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    The Computer Vision Digest: Applications

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      Applications Computers Detect Fake Paintings that are Replicas

    Maastricht University (Netherlands) is working on computer vision software that authenticates paintings. There have been some major publications, as well as some buzz on the Web.
    "Spotting a forged painting usually takes an expert eye and hours of analysis but that could change with a new digital authentication technique which analyses signs of an artist's unique style."


    The software program called Authentic can also help date paintings by a particular artist, reports New Scientist."

      Posted by schestowitzon Sunday, October 15 @ 19:49:52 BST (1494 reads)
    Read More... | 87 comments | Score: 0

      Applications Scalable Image Recognition for Mobile Devices

    What happens when you are faced with limited resources and yet need to perform routine image recognition?
    "Could you write a good image recognizer for a 100 MHz mobile phone processor with 1 MB heap, 320x240 image, on a poorly-optimized Java stack? It needs to locate and read two-dimensional barcodes made up of square modules which might be no more than a few pixels in size. We had to do that in order to establish Semacode, a local start up company that makes a software barcode reader for cell phones."

      Posted by schestowitzon Tuesday, August 01 @ 14:30:59 BST (1174 reads)
    Read More... | 73 comments | Score: 0

      Applications Image Interpretation on the iPod

    ...Crossing over to a story that we rarely have an opportunity to hear about...

    The CNN reveals some interesting details about software which runs on the Apple iPod and allows complex medical images to be viewed. This saves unnecessary expenses on costly and large equipment and allows radiologists to work virtually everywhere, analysing motion sequences in 2-D and 3-D. At present, the software is being devised in Geneva, Switzerland. From the article:
    We chose to create the software for Macs, as it's no secret that they are known for their graphic ability. They have huge processing power for 3D and 4D images.

    CDs aren't big enough, memory sticks are not big enough, but I had my iPod, which has 40GB of memory just there. We rigged the software so that you can click to store the images on the iPod, and subsequently view them in Osirix directly from the iPod.

    After we figured out that the iPods were a practical way of carrying these images, Apple brought out the photo iPod a few months later. That meant the images could also be viewed on the devices.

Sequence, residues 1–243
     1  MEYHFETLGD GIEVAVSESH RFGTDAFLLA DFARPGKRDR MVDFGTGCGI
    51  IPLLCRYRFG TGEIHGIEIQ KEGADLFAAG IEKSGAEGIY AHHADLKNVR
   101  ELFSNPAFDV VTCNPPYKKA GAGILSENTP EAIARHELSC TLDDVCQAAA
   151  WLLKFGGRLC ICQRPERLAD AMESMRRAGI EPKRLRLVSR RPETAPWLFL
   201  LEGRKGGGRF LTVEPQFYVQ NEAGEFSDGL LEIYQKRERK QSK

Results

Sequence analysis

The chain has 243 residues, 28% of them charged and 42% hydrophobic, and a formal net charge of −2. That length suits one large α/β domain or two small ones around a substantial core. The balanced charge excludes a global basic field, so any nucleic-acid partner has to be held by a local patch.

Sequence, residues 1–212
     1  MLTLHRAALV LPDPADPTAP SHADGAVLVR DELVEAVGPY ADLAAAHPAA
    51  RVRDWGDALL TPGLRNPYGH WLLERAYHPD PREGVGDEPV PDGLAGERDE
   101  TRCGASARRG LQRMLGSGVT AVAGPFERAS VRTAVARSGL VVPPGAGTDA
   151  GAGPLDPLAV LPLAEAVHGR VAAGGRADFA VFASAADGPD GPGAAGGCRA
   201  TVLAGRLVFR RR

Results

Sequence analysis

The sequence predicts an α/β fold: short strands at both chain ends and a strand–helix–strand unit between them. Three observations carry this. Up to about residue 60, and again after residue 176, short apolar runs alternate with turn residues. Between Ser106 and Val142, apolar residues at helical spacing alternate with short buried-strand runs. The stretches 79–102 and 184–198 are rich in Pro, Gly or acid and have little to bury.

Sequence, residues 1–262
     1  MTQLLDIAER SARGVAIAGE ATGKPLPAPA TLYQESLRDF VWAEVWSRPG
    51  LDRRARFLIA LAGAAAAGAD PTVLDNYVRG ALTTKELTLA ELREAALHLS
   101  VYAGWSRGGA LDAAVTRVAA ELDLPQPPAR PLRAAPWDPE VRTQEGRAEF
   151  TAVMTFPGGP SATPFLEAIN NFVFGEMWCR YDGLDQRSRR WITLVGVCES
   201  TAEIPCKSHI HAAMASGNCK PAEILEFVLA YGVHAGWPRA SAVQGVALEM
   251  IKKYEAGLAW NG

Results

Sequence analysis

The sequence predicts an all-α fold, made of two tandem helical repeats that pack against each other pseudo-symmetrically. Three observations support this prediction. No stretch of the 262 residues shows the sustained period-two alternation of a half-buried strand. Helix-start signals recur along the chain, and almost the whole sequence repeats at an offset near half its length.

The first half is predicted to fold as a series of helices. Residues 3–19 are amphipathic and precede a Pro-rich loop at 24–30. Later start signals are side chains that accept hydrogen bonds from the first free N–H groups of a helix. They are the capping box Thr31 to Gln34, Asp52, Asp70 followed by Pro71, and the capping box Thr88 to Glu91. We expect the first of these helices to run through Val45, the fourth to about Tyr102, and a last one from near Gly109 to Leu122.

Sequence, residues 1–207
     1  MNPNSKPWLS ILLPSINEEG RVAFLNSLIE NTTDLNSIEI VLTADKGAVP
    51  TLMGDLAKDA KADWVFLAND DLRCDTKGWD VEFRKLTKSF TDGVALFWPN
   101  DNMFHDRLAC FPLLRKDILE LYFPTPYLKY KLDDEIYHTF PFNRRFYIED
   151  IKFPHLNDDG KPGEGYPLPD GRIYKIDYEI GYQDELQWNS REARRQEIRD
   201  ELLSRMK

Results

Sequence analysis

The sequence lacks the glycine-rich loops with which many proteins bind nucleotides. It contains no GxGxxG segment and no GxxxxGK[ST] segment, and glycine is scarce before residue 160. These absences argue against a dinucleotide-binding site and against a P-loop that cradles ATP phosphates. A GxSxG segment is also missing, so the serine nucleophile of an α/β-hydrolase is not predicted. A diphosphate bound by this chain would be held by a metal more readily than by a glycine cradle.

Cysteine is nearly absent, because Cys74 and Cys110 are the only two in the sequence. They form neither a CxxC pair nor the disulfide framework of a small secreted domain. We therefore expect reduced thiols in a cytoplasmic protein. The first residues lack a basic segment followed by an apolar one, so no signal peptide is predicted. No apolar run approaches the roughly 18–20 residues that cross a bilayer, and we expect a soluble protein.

Read full article
      Posted by schestowitzon Thursday, October 27 @ 14:16:49 BST (2261 reads)
    Read More... | 79 comments | Score: 0

      Applications Computer Vision Assists the Blind

    edestrian crossings and particularly the challenges these impose on the blind, are investigated at the Kyoto Institute of Technology. Canes, laser and ultrasonic waves have been used in the past to detect obstacles, but the new approach is somewhat more sophisticated. There is, as the article suggests, a cunning and principled approach, which helps detect the location, colour and orientation of various objects.
    "Using images from a single camera, the device has a simple structure and does not need camera calibration, unlike sophisticated stereo camera systems, as the information is obtained using what is known as a "camera coordinate system". This means that separate images do not need to be taken to calibrate the device. The length of a pedestrian crossing is measured by projective geometry, where the camera makes an image of the white lines painted on the road. Using the properties of geometric shapes as seen in the image, the actual distances are determined."

    Methods such as this may also be used for autonomous vehicles where understanding of a complex environment is essential.

    Full article from IOP.org
      Posted by schestowitzon Tuesday, September 20 @ 04:08:10 BST (2562 reads)
    Read More... | 101 comments | Score: 0

      Applications Machine Vision Suppliers Recover

    2 June 2005, Test & Measurement World: Semiconductors and electronics continue to represent significant market segments for machine-vision end-user products; together, those segments accounted for 46% of 2004's total North American machine-vision sales revenue, according to Automated Imaging Association research.

    The research results, which indicate that 2004 was a strong recovery year for North American machine-vision companies, appear in the AIA's recently released annual market study, Machine Vision Markets: 2004 Results and Forecasts to 2009. The study analyzes 2004 market size, performance, players, and product types, and it forecasts sales by product type, technology, and economic sector for 2005 through 2009.

    Difficult to ignore is the price of the 352-page report: $995.

    Full story: AIA Study Shows 2004 Recovery for Machine-Vision Suppliers
      Posted by schestowitzon Tuesday, June 21 @ 06:44:31 BST (2729 reads)
    Read More... | 100 comments | Score: 0


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